ECJ states ‘Safe Harbour is invalid’ – How to act

On the 6th of October, the European Court of Justice (ECJ) published a court ruling that could potentially have implications for organisations transferring data to the US. The ECJ has ruled that the Safe Harbour agreement is overruled by the national data protection authorities and is thus invalid.

This is a result of the case against Facebook in Ireland, raised by an Austrian privacy activist. The privacy activist raised a complaint with the Irish data protection authority claiming that Facebook, which has its European headquarters in Ireland, does not protect his and others’ privacy, when data is transferred to Facebook’s servers in the US. The Irish data protection authority rejected the complaint on the ground of the ‘Safe Harbour’ decision by the European commission of July 2000, in which it was decided that the US ensures an adequate level of protection of the personal data being transferred.

What is the Safe Harbour agreement?

Safe Harbour is an agreement between the US and European Union, legalising the transfer of privacy sensitive data between both regions. Safe Harbour has been brought in place to combine different rulings concerning data in the US and Europe, saving time on determining the applicable legal framework for every separate case.

The foundation for ECJ to rule the Safe Harbour agreement invalid is that US public authorities themselves are not subject to the agreement. The US government is legally allowed to demand access to data stored in datacentres, even those located in Europe, as long as these datacentres belong to US companies.

What are the consequences?

Safe Harbour can no longer be used as an agreement to legalise the transfer of privacy sensitive data to the US or US companies. In addition, the court ruling implies that any country can pose its own laws and regulations regarding data transfers to the US, to which organisations would have to comply. This would require changes to current and future contracts, following the countries’ specific laws and regulations. Besides that, the role of the data privacy regulations intensifies, since any citizen can file a report claiming their privacy is being violated. Pointing citizens to the Safe Harbour agreement is no longer relevant. Lastly, data protection authorities could, case based, even decide to prohibit the transfer of data to the US.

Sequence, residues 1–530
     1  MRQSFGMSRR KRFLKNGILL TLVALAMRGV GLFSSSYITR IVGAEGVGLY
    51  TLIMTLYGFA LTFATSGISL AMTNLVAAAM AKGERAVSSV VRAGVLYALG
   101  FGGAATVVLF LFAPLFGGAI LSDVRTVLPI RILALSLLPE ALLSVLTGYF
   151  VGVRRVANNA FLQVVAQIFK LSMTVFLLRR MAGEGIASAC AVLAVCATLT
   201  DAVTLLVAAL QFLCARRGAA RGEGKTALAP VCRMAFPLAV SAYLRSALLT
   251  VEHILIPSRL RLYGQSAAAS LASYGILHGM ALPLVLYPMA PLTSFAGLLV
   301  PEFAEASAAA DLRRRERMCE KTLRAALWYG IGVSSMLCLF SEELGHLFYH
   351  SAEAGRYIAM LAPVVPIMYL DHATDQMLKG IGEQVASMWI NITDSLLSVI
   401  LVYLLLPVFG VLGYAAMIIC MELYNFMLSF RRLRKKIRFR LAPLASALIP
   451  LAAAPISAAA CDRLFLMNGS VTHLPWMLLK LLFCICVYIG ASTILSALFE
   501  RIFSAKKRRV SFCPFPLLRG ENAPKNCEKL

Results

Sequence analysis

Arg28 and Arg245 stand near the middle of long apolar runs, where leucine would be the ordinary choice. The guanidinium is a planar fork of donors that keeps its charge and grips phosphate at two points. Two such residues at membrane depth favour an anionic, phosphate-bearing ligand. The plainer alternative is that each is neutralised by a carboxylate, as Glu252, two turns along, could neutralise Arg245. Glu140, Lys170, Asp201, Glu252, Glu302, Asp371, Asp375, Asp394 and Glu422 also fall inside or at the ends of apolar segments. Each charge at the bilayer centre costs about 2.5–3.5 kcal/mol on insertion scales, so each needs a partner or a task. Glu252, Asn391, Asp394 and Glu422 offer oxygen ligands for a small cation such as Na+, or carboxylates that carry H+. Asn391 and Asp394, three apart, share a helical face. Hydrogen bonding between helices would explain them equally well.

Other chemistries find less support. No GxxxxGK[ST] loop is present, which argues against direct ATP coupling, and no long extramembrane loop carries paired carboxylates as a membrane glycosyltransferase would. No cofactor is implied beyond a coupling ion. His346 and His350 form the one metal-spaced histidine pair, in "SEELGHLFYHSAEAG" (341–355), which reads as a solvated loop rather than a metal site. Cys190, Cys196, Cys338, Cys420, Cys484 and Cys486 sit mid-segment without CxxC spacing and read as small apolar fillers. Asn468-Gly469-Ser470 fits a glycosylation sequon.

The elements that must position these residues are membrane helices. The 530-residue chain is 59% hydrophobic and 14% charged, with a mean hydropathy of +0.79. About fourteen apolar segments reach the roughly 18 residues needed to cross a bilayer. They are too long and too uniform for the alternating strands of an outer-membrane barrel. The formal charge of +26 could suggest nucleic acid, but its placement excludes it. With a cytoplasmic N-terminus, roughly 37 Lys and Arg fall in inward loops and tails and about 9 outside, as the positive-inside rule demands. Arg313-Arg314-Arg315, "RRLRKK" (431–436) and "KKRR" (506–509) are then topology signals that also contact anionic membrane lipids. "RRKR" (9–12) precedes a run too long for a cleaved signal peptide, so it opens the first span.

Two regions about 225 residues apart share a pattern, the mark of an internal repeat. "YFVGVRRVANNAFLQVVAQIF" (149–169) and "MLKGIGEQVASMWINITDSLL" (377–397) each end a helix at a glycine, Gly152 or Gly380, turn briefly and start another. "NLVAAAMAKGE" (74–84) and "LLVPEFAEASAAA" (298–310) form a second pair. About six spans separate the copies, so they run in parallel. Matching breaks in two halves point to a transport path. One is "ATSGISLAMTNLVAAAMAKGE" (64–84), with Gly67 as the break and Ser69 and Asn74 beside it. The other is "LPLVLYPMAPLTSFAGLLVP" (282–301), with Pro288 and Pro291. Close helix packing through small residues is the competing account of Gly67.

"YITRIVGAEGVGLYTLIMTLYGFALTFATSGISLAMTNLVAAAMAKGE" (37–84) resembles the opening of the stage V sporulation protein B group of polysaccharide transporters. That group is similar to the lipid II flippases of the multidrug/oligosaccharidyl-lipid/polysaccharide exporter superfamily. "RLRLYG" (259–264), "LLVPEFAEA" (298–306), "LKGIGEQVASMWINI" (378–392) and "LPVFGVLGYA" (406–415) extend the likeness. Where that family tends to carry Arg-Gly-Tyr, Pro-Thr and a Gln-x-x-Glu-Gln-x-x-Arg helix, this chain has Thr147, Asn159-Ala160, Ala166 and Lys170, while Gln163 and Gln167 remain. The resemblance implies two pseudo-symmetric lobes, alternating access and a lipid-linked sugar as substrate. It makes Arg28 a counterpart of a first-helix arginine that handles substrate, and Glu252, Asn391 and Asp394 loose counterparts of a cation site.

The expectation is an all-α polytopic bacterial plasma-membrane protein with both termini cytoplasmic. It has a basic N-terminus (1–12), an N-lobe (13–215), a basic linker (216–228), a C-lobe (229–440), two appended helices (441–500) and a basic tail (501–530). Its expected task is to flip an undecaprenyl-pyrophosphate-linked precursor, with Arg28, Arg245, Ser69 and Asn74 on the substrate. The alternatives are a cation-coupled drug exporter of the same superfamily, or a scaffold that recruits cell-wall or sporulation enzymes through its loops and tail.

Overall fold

The College Bescherming Persoonsgegevens (CBP) announced not to directly prohibit any current data transfers. The CBP explained their next step to be aligning with other data protection authorities in Europe and to reach an agreement. Therefore, the direct legal consequences of this court ruling seem limited, it’s highly improbable that data transfers to US will be actively prohibited on the short term. Besides that, the Safe Harbour agreement was not considered by most organisations to provide relevant guarantees for data protection, as part of a risk mitigation strategy.

…and now what to do?

The court ruling highlights the importance of data privacy and the legal challenges around cloud usage. Therefore organisations should consider the following aspects.

  • Perform privacy impact assessments to determine the privacy risks of data transfers to the US and the impact on your organisation.
  • Perform risk assessments to determine the actual risk of cloud usage and adoption, and the required risk mitigations.
  • Gather and incorporate the legal requirements regarding cloud services into cloud adoption processes (e.g. data processing agreements).
  • Challenge cloud service providers on their intends to support compliance to changes to laws and regulations (e.g. GDPR).

To deal specifically with data transfers to the US, it is important to cover data protection in contracts with cloud service providers and other outsourcing parties. Organisations should opt for using data processing agreements covering EU model clauses with cloud service providers. The EU model clauses enable organisations to comply with the current EU’s Data Protection Directive regarding cross-border transfers of personal data.

This court ruling displays the focus on data privacy within Europe and the need for well aligned laws and regulations for European countries. The upcoming GDPR could be very valuable in providing a clearer legal framework to which all European organisations should comply. Organisations should use this momentum and become prepared for upcoming changes.

Dit artikel is tot stand gekomen in samenwerking met KPMG IPS